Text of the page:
Growing up on Long Island, the deafening buzz of cicadas was the sound of hot summer days. I’d find their empty shells, like ghosts still clinging to the tree or building they happened to be on when they molted.
It was more unusual to see the insect itself.
As I was watering my vegetable garden this morning, I saw what I believe to be a cicada on a squash leaf. It’s the right size (about 2″) and shape, only the color is different than what I’m used to seeing. All of the cicadas I’ve seen are shades of green with some spots of red or yellow around their head.
I left the cicada to fill up the watering can and when I came back to have another look it moved to the stem of the squash leaf and where it had been were a clutch of eggs.
At first I thought they were cicada eggs. It made sense, the Cicada was there then the gone and left behind were eggs.
But it was as simple as Googling “bugs on squash leaf.” That’s where I came across the website called Savvy Gardening and found out that the eggs were squash bug eggs. Once hatched the bugs could easily kill the plant.
Since I only have one squash plant and one zucchini plant it was easy to look through all the leaves to see where the eggs were. I pulled those leaves or the parts with the eggs on them, off the plant. I also found an adult and some newly hatched squash bugs.
I’ve already picked five or six small yellow squash from my one plant. I usually just slice them and cook them up in a little olive oil and grate some Romano cheese on them. But I have three or four saved that I plan to make some squash cakes from.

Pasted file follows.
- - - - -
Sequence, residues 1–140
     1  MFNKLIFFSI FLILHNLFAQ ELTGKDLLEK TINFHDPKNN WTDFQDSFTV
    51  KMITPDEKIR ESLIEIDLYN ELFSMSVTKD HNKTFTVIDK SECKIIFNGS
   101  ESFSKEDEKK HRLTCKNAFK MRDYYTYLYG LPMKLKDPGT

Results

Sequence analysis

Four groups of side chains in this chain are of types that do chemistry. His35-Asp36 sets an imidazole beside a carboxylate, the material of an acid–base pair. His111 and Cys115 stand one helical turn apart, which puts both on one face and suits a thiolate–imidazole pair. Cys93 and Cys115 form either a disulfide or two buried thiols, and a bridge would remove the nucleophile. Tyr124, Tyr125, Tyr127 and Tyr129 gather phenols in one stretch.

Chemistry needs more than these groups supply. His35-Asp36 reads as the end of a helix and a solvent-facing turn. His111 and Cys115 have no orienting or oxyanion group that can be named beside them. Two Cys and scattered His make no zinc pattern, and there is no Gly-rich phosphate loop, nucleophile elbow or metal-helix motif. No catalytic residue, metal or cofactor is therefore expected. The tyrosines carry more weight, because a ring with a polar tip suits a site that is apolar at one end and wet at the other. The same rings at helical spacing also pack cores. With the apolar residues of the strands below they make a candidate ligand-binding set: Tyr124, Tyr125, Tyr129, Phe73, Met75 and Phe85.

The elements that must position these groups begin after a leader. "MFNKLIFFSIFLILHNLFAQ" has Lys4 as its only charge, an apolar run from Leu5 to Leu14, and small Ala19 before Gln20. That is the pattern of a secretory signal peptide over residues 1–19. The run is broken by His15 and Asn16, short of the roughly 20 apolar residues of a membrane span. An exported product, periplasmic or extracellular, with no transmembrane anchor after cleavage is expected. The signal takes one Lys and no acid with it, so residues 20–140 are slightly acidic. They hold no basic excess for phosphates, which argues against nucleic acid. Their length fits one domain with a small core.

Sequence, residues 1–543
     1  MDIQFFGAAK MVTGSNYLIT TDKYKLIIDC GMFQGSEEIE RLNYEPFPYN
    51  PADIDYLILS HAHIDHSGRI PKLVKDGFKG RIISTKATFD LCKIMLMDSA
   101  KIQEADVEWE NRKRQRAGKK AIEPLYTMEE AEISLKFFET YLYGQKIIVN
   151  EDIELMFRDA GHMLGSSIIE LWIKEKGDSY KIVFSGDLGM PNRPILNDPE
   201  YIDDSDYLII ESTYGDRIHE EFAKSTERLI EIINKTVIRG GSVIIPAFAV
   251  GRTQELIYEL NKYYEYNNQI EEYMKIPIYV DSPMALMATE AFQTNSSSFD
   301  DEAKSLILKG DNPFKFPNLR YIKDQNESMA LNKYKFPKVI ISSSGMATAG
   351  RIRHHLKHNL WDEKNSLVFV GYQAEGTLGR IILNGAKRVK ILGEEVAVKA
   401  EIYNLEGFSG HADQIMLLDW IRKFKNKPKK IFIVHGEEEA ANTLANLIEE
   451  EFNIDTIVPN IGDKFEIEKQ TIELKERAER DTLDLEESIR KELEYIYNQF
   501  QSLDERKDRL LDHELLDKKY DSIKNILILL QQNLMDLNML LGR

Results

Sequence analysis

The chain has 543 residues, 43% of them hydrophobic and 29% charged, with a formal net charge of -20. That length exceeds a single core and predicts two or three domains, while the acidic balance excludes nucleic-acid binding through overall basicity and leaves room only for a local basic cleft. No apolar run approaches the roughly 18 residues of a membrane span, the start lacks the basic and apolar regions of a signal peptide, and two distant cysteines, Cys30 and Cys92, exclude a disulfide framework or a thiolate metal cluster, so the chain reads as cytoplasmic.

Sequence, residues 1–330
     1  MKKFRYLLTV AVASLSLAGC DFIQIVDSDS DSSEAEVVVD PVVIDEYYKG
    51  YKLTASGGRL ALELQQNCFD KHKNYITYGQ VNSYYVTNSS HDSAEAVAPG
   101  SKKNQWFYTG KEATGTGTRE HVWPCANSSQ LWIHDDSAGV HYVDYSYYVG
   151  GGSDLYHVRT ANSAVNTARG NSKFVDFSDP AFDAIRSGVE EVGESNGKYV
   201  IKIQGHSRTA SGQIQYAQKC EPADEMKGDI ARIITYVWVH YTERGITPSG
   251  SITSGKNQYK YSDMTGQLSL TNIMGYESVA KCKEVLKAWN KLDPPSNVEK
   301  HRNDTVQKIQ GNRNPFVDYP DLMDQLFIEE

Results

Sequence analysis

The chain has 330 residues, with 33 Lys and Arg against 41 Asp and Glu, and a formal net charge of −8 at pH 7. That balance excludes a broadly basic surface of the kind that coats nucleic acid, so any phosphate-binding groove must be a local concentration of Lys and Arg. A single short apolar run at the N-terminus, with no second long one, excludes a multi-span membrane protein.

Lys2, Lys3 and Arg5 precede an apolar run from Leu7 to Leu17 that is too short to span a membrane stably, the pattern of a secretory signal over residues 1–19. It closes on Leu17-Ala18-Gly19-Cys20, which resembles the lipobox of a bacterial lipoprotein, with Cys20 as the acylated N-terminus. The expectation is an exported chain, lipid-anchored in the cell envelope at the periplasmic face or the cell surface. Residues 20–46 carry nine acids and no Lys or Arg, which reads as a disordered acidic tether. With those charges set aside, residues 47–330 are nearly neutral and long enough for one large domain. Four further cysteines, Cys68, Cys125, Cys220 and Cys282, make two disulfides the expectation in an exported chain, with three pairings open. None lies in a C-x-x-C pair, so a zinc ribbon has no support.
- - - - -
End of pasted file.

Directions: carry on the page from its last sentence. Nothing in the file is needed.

I have to thank the cicada for making me aware of the squash bug eggs. I don’t think I would have noticed them if I hadn’t seen the cicada sitting on the squash leaf.
Like the moth and butterfly, the cicada is a symbol of transformation and rebirth. And because they can wait up to 17 years to emerge from their life underground, it feels particularly encouraging to me.
My own personal transformation has already been going on for years. Like the cicada, I had a life underground. I was living in the shadow of the truth about myself and those around me.
I began to emerge when I was in my mid-forties. And here I am once again. At 58 years old I’m finally letting go of some of the oldest myths about my life that I’m just realizing were never really true.
They still cling to me at times, like the ghost shell of the cicada left behind, yet still holding on.
But every day my old myths are becoming lighter, they ring hollow, as I’m finding truth in the new story that is my life right now.